“I am very excited about getting to know all the people in Jaffrey, the church and the wider Jaffrey community!  I’ve met neighbors walking my dog and playing in front of the parsonage with my two grandsons, who are ages 2-1/2 and nine months.”  Miller confessed: “I’m a bit of a schmoozer.”

For the past 26 years Miller was the senior pastor at the United Church of Christ-Congregational in Vermillion SD.  Originally a New Englander, Miller grew up in  Worcester, MA, in what is now the United Congregational Church.  Miller shared, in his first Sunday leading worship at First Church: “I used to come up here to climb Monadnock as a kid.  It’s like returning home.  I love the mountains, the trees, the ponds and rivers – it’s beautiful here.”

A man of many interests, Miller spent five years studying Lakota spirit, language and music. He invited the Lakota community to hold sacred ceremonies at the UCC church. Speaking for the Lakota community during a farewell gathering honoring Miller, one participant observed that he and Steve have been friends for years and call each other “Kola,” the Lakota term for brother.

At this same event Miller was honored by the Vermillion Community Theatre with a poster of six photos of him in community theater productions that was headlined “Actor, Playwright, Songwriter, Musician, Director of Spirit” in appreciation of his and the church’s support in helping the theater build a center for performing arts at the Vermillion high school.  A devoted baseball fan, Miller was a leader of the Vermillion Youth Baseball Association for players 5 to 12 for many years.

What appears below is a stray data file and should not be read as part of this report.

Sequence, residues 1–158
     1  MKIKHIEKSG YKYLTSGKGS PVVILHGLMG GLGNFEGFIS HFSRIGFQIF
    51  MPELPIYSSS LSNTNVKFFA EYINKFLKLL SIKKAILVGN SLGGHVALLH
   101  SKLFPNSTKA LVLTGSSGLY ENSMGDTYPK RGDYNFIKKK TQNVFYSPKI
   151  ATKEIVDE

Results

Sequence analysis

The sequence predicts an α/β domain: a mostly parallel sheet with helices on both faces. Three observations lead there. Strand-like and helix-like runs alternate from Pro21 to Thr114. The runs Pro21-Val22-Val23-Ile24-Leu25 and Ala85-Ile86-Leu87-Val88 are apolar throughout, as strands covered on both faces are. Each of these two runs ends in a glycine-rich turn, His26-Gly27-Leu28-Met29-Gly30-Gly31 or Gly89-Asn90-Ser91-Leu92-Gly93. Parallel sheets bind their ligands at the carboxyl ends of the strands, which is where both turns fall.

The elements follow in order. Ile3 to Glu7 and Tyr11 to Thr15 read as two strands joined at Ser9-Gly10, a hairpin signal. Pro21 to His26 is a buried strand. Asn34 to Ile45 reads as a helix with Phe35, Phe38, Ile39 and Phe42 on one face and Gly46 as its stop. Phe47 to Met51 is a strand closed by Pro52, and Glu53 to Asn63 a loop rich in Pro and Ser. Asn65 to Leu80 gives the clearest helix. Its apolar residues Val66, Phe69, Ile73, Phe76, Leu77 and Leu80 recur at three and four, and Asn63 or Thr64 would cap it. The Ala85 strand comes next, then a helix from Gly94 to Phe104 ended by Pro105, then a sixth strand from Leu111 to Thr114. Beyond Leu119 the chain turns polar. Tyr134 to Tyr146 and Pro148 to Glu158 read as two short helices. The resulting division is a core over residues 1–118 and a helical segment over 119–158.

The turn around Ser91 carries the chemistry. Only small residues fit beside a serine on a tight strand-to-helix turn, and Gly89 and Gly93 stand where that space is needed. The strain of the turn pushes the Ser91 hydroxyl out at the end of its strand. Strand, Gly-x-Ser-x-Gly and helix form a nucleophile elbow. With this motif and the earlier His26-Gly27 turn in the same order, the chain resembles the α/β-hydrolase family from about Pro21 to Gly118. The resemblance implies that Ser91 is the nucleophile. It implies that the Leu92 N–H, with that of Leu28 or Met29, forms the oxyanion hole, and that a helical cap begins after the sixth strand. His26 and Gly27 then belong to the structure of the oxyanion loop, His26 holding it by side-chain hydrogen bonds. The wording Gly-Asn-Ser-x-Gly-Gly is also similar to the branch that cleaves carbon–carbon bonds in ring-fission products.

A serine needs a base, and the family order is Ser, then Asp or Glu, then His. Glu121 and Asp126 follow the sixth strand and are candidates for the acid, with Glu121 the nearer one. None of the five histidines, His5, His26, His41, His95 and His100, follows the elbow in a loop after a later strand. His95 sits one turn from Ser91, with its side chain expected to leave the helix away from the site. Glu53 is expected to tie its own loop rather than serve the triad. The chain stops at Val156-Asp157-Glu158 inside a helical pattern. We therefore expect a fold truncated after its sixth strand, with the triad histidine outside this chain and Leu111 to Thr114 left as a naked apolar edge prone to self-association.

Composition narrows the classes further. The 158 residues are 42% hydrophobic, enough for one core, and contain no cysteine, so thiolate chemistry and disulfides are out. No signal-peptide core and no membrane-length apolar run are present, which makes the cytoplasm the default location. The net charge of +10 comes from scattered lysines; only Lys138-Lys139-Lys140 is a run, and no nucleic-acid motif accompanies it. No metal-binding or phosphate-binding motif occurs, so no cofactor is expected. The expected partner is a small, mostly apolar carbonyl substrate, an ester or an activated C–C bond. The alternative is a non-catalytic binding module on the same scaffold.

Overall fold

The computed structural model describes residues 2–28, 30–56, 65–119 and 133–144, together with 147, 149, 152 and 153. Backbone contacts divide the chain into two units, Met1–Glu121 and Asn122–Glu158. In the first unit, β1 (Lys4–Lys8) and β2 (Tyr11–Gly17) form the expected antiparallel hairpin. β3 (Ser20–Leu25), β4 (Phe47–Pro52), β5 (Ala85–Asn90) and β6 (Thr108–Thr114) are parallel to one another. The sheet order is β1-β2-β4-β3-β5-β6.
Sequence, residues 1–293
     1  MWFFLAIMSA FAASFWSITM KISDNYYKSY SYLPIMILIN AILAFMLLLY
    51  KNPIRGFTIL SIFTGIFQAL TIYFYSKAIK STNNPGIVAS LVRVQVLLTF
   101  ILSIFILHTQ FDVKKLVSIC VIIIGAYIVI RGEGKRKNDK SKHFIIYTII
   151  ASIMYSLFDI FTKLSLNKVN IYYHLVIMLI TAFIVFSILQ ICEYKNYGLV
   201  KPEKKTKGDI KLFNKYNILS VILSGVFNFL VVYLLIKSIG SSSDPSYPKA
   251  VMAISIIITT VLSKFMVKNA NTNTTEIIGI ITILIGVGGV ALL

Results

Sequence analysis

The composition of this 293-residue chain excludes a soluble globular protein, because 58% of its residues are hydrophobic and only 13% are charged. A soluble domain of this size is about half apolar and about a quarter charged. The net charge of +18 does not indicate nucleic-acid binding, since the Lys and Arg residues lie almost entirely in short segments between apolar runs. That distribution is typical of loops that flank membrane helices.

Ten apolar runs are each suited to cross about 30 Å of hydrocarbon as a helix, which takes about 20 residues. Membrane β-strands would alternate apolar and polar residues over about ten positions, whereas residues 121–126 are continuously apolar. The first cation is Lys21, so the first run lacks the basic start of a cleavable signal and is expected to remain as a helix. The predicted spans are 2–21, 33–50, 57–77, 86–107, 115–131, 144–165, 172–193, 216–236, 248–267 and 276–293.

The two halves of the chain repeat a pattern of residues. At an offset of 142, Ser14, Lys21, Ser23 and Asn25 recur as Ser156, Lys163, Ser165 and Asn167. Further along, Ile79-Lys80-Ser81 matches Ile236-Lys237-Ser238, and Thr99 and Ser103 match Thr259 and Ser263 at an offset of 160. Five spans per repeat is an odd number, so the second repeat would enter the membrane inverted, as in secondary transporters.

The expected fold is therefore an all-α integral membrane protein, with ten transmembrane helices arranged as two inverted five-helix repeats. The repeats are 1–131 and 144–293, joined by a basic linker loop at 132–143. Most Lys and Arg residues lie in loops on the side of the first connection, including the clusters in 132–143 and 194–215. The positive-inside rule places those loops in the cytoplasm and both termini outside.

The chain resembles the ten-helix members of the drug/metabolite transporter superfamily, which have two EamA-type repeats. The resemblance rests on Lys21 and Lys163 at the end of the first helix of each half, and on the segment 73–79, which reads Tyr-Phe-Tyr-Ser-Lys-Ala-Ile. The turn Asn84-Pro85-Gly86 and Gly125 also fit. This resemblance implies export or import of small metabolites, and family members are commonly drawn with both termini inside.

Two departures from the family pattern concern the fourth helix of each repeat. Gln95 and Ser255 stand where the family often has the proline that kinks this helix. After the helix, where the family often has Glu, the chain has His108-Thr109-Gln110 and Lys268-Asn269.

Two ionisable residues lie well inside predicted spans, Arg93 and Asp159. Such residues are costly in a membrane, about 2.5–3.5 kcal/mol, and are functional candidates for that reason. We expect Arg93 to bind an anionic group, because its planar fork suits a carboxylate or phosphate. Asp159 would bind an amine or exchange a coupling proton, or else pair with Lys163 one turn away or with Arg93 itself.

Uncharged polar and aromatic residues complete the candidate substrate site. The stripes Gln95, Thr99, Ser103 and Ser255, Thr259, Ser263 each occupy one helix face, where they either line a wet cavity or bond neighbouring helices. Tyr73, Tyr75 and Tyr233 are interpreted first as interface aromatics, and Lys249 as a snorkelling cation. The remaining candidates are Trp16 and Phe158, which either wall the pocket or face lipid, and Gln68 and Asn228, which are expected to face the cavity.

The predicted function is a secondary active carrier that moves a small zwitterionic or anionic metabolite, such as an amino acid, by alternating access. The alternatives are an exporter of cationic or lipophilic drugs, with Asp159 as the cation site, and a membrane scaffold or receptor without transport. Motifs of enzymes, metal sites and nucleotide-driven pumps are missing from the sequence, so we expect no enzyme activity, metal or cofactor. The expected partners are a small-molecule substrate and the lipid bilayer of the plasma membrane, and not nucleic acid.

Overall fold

The title of teacher also belongs in Miller’s repertoire, as demonstrated by his popular “World Religions” course at the University of SD.   The University’s provost Kurt Hackemer observed that an important Miller offering was titled “The Pipe and the Cross,” about the intersection of Christianity and native spirituality. “So many students considered this THE great class, the best class that they ever had at USD,” the provost added.

Steve Miller graduated from Springfield College in 1981. He began studying at Yale Divinity School and transferred to the Pacific School of Religion, where he received his Master of Divinity degree in 1987.  He served churches in Bethlehem, CT and Gilman, IA before going to Vermillion in 1995. Rev. Miller has also been involved with Shem Center for Interfaith Spirituality in Oak Park, IL for more 30 years through retreats, conferences, and classes.

Please come to First Church in Jaffrey at 10:30 on Sundays and meet Steve Miller!

Gene Faxon
Minster of Music

Gene brings his experience with teaching music and his expertise on the organ, piano, and harpsichord. He leads the choir as well as organizes special musical worship and other church events. Gene is also an accomplished recorder player.  During the pandemic Gene and three ladies have become a harmonious quartet.  We enjoy their offerings on multiple occasions during our services.  The congregation joins this group in singing Taize chants and hymns selected from the Pilgrim Hymnal and the New Century Hymnal.

Judy Lessard
Administrative Assistant

Judy brings her corporate experience. Working with our pastor and music minister, she creates the worship bulletins, sends out e-blasts, and monitors phone calls and church email. Working with our treasurer, she maintains the QuickBooks database and generates financial reports. Working with the communications team, she creates, prints, and distributes the church newsletter.


In late January 2022, First Church heartily welcomed (bottom row)  Roy Lake, Pam Hill,  David Bliss and Janet Grant as new Trustees.  Nancy Elder-Wilfrid is the new Clerk and in the top row is Ann St. Cyr Gordon (Treasurer) and Sam Greene Moderator.


Sam Greene, Moderator
Ann Gordon, Treasurer
Nancy Elder-Wilfrid, Clerk


David Bliss
Janet Grant
Pam Hill
Roy Lake
Tom Warren
Dan Wilfrid